A Walk In The Woods

Lately Betty has been singing the praises of “forest bathing”, something she does on a daily basis at our “Living Forest” campsite. No, she’s not talking about setting up a tub in the woods. She’s referring to the Japanese practice of shinrin-yoku – absorbing the forest atmosphere. This past week provided an opportunity to share this form of regeneration with our two fabulous daughters – Valerie & Lisa. Our walks in the woods together were wonderfully restorative experiences! Here are a few highlights:

Valerie, her mom, Lisa, Charlie & I hiked the appropriately-named “Tranquility Trail” in Nanaimo’s Morrell Nature Sanctuary. A mellow meander!
The trail took us up and down one of the many paths within Morrell’s private teaching forest. More than just a breath of fresh air!

Lisa & Valerie were able to escape Manitoba’s deep snow for a few days of reconnecting with the old folks. They caught us up on what was happening with their families, and were interested in hearing stories about our early lives, our parents, and grandparents. The reminiscing was good, but just chillin’ together was the best!

After flying in from Winnipeg, Valerie & Lisa settled into a nearby airbnb, where we shared a meal together. Other meals included steak and prosciutto-wrapped asparagus back at our motorhome, and fish & chips in Victoria

I’ll let the following pictures tell the story of our all-too-brief memory-making time together:

One of our first hikes was around Nanaimo’s Neck Point Park. While there was no snow, winter coats remained on for this unseasonably cold week.
A sailboat plied the waters of the Georgia Strait, with mountains in the background and a pod of seals in the foreground.
Valerie, Lisa and their mom stop for a picture during our Neck Point hike, near a spot where whales are usually visible. Unfortunately none made an appearance for us.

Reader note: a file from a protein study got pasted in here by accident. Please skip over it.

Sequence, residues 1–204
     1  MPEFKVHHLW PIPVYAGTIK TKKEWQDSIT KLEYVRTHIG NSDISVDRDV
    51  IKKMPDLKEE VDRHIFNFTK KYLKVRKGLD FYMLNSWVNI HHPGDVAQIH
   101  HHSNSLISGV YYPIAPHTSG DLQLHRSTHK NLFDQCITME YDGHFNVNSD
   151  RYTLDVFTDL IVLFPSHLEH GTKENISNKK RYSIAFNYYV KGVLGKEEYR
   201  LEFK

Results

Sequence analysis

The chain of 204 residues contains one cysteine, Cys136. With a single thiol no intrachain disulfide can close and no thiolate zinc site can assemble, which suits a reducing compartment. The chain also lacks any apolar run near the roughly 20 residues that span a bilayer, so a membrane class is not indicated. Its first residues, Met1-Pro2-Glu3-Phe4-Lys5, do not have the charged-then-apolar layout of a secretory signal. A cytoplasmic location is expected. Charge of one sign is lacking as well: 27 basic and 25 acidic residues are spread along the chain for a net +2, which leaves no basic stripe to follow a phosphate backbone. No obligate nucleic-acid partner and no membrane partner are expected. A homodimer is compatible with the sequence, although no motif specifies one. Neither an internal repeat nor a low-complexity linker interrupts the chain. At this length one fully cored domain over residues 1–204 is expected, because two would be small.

Betty & Valerie practiced a little yoga at a scenic look-out.
On a day trip to Victoria, Lisa caught up with a UVic colleague, while Betty, Valerie & I toured nearby Butchart Gardens.
We were too early in the season for many flowers, but the daffodils are in full bloom.
The amazing Gardens include a number of paths, with many providing a regenerative forest bath.
Many fountains bring the park to life. Bet and Valerie stop for a pic near this dramatic pond.
A dragon spits out a fountain of water in a feature donated by a Japanese sister city.
Bright red berries liven up a garden that is not yet in full bloom.
A halo of sun highlights these two angels.

Forest bathing is said to be good for both physical and mental health. It reduces stress, increases feelings of happiness, and calls for a creative response. It lowers one’s heart rate and blood pressure, and is said to boost the immune system and accelerate healing. It’s all good!

We all breathed in the abundant fresh air at Morrell Nature Sanctuary.
On our hike, we stopped to reflect across the still waters of Morrell Lake.

With all the strife, sickness, and separation endemic in our world these days, may we each take Betty’s advice to go for a walk in the woods, and immerse ourselves for a while in a regenerative, deep breathing forest bath.

Everywhere we looked, old and new life came together in most creative ways.


Sun shines off a mossy outcrop in the forest – a great place to stop, breath deeply, and reflect.

The woods are lovely, dark and deep,  
But I have promises to keep,  
And miles to go before I sleep,  
And miles to go before I sleep.
” Robert Frost.